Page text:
i used to think that collaboration meant that everyone had to love/like what i was writing. “come on, love me. gimme….gimme kudos….”
i’m talking years ago.
year and years ago i gave ken a screenplay i had written, i wanted his feedback, reaction…and when he gave it back with a ton of notes, i decided right then and there, i would never, ever – NEVER EVER – give ken another screenplay of mine to read, edit, or comment on. he said it needed work, needed to be fleshed out, i told him, ‘hmmm. wrong. i don’t agree. you’re not a good collaborator.’
okay, how do you spell arrogant?
turns out i was so very very very wrong.
about both his comments, edits, notes and what it means to be a collaborator.
(fyi: he is a grand, fabulous collaborator.)
i have had the great fortune in the past twenty odd years to work with folks who are extraordinary collaborators. They make me look better, make my words sing, have taught me over and over and over what collaboration is and what it isn’t:
collaboration isn’t about everyone agreeing.
no, not at all.
it’s not about that.
it’s about bringing out the best in someone, everyone. it’s about creating an environment where everyone feels good and proud, and good and proud enough to take the lumps and bumps and rejections and disagreements. it’s about being heard and being seen. it’s about wanting the best for the project, not just one person. it’s about being able to say “i’m wrong, or… you’re right, this doesn’t work,” it’s about being able to hear opinions and comments. it’s about wanting others to be huge, and successful and rooting them on.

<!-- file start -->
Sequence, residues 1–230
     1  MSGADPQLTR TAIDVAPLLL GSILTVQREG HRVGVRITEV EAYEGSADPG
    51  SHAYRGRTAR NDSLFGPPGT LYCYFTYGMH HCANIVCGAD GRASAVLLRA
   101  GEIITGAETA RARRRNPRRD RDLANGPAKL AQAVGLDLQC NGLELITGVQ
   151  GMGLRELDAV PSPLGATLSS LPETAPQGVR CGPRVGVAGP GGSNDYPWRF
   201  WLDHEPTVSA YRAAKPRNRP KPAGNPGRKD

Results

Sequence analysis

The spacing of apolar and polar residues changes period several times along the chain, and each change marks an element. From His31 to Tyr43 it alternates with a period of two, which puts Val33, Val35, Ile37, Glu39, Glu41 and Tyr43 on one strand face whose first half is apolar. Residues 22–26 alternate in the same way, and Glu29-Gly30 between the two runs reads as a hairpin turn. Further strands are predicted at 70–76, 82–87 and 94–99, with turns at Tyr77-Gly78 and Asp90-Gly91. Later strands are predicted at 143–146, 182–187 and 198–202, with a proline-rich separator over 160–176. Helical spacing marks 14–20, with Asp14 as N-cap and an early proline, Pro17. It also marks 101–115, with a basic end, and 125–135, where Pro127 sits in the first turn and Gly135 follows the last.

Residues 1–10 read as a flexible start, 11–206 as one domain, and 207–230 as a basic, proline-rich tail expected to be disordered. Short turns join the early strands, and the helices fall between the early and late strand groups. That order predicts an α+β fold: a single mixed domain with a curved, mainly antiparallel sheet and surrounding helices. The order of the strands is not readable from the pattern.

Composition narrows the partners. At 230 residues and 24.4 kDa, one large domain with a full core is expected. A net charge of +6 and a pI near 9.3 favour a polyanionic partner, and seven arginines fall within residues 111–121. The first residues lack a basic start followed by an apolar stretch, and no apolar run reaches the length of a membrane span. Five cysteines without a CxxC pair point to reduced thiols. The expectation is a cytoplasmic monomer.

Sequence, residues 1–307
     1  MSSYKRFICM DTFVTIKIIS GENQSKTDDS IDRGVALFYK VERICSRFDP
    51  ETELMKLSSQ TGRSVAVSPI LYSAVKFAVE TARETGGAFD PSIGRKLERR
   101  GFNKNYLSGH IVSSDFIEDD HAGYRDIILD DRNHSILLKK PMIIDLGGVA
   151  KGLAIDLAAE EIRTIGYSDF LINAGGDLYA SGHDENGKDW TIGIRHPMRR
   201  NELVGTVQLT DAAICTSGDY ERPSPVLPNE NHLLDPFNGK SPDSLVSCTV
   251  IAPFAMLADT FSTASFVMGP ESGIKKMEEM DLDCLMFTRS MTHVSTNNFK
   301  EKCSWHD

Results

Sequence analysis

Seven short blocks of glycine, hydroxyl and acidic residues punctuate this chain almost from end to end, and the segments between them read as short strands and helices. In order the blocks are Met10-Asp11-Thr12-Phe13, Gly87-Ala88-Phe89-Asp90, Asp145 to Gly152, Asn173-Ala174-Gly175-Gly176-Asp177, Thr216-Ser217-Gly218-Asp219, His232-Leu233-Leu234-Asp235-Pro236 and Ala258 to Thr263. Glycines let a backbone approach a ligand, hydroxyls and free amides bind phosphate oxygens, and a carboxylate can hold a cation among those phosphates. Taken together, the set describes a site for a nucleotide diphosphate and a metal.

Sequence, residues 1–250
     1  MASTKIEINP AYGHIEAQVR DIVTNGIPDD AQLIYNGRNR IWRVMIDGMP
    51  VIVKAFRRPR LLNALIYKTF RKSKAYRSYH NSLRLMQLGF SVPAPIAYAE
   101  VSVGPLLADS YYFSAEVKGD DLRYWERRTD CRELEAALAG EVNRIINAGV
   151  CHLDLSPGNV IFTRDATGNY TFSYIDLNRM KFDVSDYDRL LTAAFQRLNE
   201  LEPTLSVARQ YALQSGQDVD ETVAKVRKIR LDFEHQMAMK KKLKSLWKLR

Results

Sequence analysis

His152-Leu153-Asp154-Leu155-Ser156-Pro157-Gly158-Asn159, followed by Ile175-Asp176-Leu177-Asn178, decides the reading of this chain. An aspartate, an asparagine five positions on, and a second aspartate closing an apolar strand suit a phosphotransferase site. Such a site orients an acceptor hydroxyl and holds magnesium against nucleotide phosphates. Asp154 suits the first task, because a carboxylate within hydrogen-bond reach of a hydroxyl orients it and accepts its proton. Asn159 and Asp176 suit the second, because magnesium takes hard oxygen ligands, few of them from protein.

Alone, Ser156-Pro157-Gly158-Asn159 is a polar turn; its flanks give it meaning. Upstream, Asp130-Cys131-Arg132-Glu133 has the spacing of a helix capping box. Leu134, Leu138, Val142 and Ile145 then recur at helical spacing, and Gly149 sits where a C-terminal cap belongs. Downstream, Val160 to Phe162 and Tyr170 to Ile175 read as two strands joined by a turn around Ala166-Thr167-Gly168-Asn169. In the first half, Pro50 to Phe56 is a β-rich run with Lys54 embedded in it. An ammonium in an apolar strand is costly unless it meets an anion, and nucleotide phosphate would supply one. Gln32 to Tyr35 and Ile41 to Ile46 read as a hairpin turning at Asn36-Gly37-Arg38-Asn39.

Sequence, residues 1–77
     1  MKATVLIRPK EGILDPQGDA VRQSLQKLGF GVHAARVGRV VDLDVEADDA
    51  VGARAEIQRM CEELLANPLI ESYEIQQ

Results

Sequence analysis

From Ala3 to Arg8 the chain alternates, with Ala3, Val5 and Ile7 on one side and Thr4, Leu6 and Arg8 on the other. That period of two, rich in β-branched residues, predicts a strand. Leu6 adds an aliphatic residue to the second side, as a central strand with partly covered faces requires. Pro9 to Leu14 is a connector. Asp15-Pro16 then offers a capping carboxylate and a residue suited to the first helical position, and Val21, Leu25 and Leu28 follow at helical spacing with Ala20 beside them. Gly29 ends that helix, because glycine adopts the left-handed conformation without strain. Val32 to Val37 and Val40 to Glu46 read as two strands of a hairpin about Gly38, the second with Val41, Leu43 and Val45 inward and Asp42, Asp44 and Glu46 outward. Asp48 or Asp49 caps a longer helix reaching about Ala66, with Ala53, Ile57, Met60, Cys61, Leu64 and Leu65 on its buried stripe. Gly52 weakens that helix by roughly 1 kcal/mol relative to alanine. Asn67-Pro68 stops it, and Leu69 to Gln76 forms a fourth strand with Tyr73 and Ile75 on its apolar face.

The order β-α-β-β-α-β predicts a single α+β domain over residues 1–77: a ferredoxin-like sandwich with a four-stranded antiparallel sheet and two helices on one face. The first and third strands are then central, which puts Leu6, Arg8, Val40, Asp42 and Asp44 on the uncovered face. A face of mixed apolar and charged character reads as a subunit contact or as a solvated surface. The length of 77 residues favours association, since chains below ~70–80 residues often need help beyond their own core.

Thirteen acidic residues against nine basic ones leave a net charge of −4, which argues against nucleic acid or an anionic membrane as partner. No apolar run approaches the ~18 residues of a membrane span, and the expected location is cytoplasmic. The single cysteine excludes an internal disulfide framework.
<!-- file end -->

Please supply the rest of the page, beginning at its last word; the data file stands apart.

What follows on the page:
it’s about being able to let go. letting go of: the need to be right, the need to be the center of attention, the need to be the best, the brightest, the smartest, the fuck you i know-it-all person in the room.
collaboration – a good collaboration – is hard.
it requires patience, and kindness and the desire for all – everyone – to shine, to be huge.
it requires generosity of spirit and creativity.
it requires cultivating the passion and desire to be good. really good at your craft, your life.
it requires stepping aside, and letting others have a voice, a space, an opportunity to step up and stand up.
it requires becoming whole.
wanting the very best for each other.
the opposite of competing.
the completing of each other.